Catholic Primate appeals for patience as worship restrictions ease

Bishops finalising guidelines for return of public Masses and sacraments in churches

Archbishop Eamon Martin said that ‘over the next few weeks our parishes will prepare for the reopening of churches to public worship. We realise that this will happen slowly and tentatively at first.’ Photograph: Tom Honan/The Irish Times

Archbishop Eamon Martin said that ‘over the next few weeks our parishes will prepare for the reopening of churches to public worship. We realise that this will happen slowly and tentatively at first.’ Photograph: Tom Honan/The Irish Times

 

The Catholic Primate has appealed to churchgoers to be “patient and understanding, and to cooperate in helping us fulfil our Church guidelines,” as restrictions on public worship in churches are relaxed from June 29th next.

Archbishop Eamon Martin said that “over the next few weeks our parishes will prepare for the reopening of churches to public worship. We realise that this will happen slowly and tentatively at first.”

Ireland’s Catholic bishops are holding their three-day summer meeting from Monday to Wednesday this week, over video link for the first time, and will finalise guidelines for the return to public Masses.

The Archbishop also pointed out that some people “may prefer, for a while, to continue to join us virtually from home over webcam, because of their vulnerability or because of nervousness about going out immediately into gatherings.” This may also apply to priests who “are cocooning and will be unable, at first, to provide their usual services and ministry,” he said.

Young people

It was the case too that “because of recommendations on physical distancing and hygiene, it will be necessary to reduce considerably the number of people who can gather inside church buildings at any one time. A small number of our liturgical customs may have to be adjusted to take account of health recommendations.”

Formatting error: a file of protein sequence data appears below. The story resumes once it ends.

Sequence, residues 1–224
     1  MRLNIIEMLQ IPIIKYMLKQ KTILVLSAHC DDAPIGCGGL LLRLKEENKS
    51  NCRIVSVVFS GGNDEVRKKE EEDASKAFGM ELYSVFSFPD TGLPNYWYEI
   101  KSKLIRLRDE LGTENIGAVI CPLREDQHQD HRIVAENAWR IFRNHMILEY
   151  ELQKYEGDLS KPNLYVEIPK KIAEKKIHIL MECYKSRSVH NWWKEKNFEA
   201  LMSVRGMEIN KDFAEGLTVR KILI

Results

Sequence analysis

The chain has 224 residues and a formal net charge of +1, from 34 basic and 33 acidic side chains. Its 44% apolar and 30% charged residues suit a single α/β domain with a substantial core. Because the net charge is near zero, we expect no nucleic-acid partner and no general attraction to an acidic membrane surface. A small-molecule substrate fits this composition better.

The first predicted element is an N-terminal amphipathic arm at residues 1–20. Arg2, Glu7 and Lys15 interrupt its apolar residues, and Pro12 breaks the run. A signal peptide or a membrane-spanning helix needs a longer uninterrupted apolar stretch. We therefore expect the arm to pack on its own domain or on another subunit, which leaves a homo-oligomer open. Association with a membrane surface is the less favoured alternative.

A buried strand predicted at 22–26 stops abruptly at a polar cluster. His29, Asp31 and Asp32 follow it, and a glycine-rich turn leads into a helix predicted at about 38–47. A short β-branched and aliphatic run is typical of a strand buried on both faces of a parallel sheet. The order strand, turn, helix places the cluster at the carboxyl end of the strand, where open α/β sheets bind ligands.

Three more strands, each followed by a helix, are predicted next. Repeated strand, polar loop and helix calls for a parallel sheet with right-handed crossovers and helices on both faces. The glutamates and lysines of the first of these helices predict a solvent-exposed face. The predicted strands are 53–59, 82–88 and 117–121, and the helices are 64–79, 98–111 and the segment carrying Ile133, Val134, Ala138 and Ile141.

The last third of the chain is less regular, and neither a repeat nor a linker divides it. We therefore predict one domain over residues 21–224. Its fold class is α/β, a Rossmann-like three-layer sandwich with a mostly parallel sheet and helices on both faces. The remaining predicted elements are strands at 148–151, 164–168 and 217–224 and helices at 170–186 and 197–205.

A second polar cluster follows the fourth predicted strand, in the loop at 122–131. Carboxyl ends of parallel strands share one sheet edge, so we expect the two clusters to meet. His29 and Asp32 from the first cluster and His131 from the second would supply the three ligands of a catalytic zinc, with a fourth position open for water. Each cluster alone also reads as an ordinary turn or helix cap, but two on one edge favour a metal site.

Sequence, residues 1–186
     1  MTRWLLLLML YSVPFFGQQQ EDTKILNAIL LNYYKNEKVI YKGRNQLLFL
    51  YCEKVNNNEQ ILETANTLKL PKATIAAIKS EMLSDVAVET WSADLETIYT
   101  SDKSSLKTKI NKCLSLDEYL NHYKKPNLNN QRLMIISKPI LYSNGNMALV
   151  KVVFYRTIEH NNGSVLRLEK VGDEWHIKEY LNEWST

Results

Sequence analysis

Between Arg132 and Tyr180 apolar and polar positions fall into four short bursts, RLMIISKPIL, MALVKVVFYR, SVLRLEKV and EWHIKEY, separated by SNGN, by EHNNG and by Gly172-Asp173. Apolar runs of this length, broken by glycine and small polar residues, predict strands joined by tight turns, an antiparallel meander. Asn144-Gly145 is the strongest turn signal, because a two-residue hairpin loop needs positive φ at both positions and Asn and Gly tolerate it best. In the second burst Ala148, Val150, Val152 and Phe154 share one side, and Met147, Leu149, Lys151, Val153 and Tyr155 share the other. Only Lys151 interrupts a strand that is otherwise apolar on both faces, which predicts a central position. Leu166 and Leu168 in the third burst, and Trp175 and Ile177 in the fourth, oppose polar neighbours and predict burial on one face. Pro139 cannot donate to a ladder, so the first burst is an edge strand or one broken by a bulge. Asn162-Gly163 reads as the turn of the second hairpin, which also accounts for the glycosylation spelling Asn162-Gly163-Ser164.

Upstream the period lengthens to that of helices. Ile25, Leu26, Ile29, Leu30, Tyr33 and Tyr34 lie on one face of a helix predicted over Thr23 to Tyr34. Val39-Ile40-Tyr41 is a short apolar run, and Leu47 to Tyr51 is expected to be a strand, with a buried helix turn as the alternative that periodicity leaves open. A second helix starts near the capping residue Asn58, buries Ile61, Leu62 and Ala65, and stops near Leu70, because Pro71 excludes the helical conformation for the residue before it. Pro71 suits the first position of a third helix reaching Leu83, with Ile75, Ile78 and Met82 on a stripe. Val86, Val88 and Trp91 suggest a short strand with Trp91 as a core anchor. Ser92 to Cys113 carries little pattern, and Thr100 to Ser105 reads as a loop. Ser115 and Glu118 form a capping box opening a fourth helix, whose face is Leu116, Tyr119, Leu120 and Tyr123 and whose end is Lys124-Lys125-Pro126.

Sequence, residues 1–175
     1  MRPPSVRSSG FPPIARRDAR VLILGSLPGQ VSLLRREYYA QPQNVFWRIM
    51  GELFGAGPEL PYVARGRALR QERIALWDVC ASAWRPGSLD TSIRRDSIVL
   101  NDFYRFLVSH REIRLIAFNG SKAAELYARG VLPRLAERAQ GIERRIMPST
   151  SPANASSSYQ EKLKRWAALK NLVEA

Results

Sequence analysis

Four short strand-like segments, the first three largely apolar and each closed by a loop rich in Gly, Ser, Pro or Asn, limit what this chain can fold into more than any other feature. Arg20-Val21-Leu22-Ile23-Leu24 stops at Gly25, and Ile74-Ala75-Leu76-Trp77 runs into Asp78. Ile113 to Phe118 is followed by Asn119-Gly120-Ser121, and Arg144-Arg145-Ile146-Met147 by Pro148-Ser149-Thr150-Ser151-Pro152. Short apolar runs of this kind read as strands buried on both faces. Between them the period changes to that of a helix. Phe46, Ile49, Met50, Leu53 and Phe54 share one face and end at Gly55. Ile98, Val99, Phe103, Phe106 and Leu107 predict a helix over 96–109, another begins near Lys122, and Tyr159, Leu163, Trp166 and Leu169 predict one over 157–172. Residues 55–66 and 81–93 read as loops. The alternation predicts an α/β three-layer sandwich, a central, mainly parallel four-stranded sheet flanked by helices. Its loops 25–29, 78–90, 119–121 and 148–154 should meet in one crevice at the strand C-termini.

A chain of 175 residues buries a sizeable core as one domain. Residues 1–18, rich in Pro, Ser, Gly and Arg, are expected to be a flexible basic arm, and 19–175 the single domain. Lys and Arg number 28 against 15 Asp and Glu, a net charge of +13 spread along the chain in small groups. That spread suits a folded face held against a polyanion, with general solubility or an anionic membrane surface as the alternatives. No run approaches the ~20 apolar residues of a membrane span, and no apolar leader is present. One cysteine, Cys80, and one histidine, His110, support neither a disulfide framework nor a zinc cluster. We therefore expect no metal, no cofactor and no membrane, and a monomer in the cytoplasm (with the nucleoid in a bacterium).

He called on young people “to step forward in helping us manage the transition back to full parish life and celebration of the sacraments. We will need volunteers to assist with cleaning, stewarding, reading, ministering the Eucharist and other roles and responsibilities which some of our older members may be unable to fulfil at this time.”

‘Much to be done’

Archbishop Martin also warned that “there is still so much to be done, and many more sacrifices to make in order to keep Covid-19 suppressed and to chart a recovery back from the calamitous impact that it has had on so many lives and families.”

He commended dioceses and parishes for facilitating a “safe return of the faithful to public worship in a measured way, and for their reaching out to parishioners in very difficult circumstances during the lockdown which included the broadcasting of Mass and other prayer opportunities by webcam.”

Also, as Archbishop of Armagh, it was his “fervent hope and prayer that parishes in Northern Ireland will also soon be able to gather for public worship in the same way as parishes on the rest of the island.”